This summer in the city isn’t just hot and gritty — it smells!
Walking around the Big Apple these days amounts to an olfactory assault by some of the foulest odors imaginable, disgusted New Yorkers said Wednesday.
“Every morning I smell like a rancid smell, like rotten food that has been sitting there for a while,” said Justin Colon, a porter at a Times Square office tower.
Tech worker Jaiden Williams, 37, described the city’s stench as “gnarly and cadaverous.”
“No matter what you do — if you douse yourself in a bottle of perfume or Chanel No. 5 — the scent is still on the tip of your nose,” the Hell’s Kitchen resident said.
“Because it’s so hot, it permeates.”
Williams added: “Either you don’t come out of your house or you just deal with it.”
Fashion worker Milly Aldon, 45, of Manhattan called New York “an alive city that smells like death.”
“It’s a rotten, lingering smell,” she said. “And if it rains, it smells even worse.”
Calls to 311 show that outdoor odor complaints are at an all-time high after rising 54 percent — to 5,746 through June 30 — compared to the same period in 2021, according to a Post analysis of official data.
On West 46th Street, one office worker was overheard asking another, “Why does the city smell like a used diaper these days?”
The answer, Colon said, is simple.
“I clean the steps going down to the subway. I’ve cleaned up poop so many times,” he said. “This morning I was cleaning up poop.”
One Manhattan cop said, “It is not uncommon to see human feces on the street,” adding: “I guess you only have to pick up after your dog.”
A Manhattan NYPD detective said bluntly, “The homeless people are s–tting all over the place.”
Another Manhattan cop said the city faced a “perfect storm” of hotter temperatures and “abandoned [outdoor-dining] sheds, where people are throwing garbage and homeless are living there, using them as bathrooms.”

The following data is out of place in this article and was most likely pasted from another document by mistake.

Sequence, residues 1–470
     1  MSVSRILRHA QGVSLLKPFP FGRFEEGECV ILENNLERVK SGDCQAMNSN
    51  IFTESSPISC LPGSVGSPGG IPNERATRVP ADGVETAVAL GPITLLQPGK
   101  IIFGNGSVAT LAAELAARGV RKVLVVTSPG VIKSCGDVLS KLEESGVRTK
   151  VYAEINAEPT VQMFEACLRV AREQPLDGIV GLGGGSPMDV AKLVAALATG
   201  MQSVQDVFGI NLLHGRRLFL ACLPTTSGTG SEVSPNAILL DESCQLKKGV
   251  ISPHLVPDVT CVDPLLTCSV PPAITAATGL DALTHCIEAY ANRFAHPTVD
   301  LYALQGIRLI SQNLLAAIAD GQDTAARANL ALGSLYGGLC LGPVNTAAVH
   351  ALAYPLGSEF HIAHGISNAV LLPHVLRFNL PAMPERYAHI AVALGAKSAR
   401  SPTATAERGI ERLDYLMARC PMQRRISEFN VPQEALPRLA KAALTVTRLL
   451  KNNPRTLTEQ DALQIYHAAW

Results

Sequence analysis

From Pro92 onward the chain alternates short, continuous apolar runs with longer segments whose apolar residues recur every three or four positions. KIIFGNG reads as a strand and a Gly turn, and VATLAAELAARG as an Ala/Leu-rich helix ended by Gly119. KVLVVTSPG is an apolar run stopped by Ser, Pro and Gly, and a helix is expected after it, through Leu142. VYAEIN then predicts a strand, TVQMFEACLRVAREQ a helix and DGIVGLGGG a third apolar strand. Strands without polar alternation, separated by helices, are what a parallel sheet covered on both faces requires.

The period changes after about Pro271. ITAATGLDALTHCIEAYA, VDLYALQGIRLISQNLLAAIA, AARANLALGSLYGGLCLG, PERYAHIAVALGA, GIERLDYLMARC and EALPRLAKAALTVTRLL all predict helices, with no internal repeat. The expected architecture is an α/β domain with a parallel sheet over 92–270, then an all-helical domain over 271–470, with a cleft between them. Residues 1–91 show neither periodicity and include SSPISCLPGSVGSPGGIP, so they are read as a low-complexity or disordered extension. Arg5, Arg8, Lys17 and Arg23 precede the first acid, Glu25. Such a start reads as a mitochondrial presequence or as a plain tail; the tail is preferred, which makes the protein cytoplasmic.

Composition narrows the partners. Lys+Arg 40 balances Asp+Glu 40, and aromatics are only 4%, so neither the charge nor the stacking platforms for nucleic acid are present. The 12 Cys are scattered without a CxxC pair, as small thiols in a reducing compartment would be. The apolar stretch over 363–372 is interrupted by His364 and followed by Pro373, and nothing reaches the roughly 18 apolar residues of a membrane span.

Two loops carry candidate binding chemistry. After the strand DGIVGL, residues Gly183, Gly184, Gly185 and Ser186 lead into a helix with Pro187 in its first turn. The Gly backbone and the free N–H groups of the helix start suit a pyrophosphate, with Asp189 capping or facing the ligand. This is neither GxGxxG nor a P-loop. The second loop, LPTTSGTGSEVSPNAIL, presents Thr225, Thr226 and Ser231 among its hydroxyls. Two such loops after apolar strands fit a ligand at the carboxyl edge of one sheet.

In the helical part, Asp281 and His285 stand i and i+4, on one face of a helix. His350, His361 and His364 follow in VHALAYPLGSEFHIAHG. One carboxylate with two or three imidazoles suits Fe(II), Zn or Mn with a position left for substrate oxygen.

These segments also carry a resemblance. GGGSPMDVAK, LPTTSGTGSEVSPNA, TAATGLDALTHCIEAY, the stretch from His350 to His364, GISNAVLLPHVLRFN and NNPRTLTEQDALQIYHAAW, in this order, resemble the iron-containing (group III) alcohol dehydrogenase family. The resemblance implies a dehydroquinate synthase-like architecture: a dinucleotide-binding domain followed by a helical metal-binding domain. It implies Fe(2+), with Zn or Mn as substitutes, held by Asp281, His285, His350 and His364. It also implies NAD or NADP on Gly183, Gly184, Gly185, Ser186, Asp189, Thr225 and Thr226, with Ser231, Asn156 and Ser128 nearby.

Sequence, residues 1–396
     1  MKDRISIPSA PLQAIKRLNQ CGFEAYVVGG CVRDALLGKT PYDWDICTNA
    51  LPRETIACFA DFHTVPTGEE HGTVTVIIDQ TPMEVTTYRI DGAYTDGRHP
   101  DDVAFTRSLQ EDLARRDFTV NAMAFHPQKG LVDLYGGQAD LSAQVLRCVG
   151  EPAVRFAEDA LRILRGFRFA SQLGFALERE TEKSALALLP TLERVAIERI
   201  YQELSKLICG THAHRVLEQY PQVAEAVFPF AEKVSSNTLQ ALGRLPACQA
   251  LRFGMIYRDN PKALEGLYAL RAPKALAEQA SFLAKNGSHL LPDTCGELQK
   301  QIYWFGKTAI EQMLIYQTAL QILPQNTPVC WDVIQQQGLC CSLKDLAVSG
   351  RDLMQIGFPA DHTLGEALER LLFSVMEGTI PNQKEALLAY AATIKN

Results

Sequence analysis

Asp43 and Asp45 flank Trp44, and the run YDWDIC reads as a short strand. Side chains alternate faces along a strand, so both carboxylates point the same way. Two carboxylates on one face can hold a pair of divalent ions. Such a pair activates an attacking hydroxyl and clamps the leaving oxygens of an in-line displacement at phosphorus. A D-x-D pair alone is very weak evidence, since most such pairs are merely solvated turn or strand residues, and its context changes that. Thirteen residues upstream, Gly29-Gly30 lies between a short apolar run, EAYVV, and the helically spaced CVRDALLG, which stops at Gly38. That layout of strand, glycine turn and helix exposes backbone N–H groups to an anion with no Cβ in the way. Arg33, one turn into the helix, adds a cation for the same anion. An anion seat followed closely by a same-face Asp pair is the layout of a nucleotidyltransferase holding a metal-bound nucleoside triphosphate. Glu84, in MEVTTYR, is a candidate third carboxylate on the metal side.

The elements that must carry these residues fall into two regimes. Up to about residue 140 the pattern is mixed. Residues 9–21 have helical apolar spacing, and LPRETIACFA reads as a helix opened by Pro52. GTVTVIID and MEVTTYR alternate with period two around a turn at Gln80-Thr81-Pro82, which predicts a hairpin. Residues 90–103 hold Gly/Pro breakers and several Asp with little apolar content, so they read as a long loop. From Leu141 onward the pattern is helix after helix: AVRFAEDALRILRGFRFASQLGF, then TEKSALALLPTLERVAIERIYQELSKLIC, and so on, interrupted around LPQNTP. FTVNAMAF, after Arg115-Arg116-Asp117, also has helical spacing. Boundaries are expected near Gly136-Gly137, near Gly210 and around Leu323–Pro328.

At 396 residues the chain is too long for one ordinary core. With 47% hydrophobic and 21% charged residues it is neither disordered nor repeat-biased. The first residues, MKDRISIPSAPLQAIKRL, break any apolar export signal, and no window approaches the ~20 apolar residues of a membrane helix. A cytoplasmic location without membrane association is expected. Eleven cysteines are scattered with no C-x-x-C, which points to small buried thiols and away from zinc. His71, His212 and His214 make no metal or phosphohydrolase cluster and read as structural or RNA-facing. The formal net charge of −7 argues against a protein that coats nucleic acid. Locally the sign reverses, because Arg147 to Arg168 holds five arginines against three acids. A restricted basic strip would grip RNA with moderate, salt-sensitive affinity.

“The city is definitely dirtier — and dirt doesn’t smell like perfume,” the cop said.
The owner of Dalton’s Bar & Grill in Hell’s Kitchen said he had to install Plexiglass windows and a metal door on his outdoor dining shed after he repeatedly found people “sleeping, shooting up, having sex, crapping” inside.
Meanwhile, good luck getting those folks to instead use a restroom in one of the city’s parks: inspection data posted online show that nearly 14% were “officially closed” as of July 2.
Potentially adding to the foul problem, then-Mayor Bill de Blasio and the City Council in 2016 decriminalized public urination as part of the “Criminal Justice Reform Act,” after cops issued 19,456 criminal summonses for the foul offense the previous year.
An NYPD spokesperson said 280 civil summonses were issued for public urination during the first three months of this year, up from 169 during the same period last year.
In addition, 85 criminal summonses were issued for public urination, up from 81 in 2021, according to the NYPD.
A law enforcement source called issuing a civil summons “futile.”
“It’s not worth the paper it’s printed on,” the source said. “You can say your name is Mickey Mouse.”
A spokesman for Mayor Eric Adams didn’t immediately return a request for comment.
The city Sanitation Department acknowledged the odoriferous problem and said a new $40 million boost to the street basket pickup program that started in July would help make a difference.
“Every New Yorker knows that the city became noticeably dirtier during the pandemic, as behaviors changed and budgets were cut,” said Sanitation spokesman Joshua Goodman.
“But we’re fighting back – the 10,000 DSNY employees work every day to keep the city clean, safe, and healthy, and that’s why this administration is giving them the tools to do the work they get up every day to do.”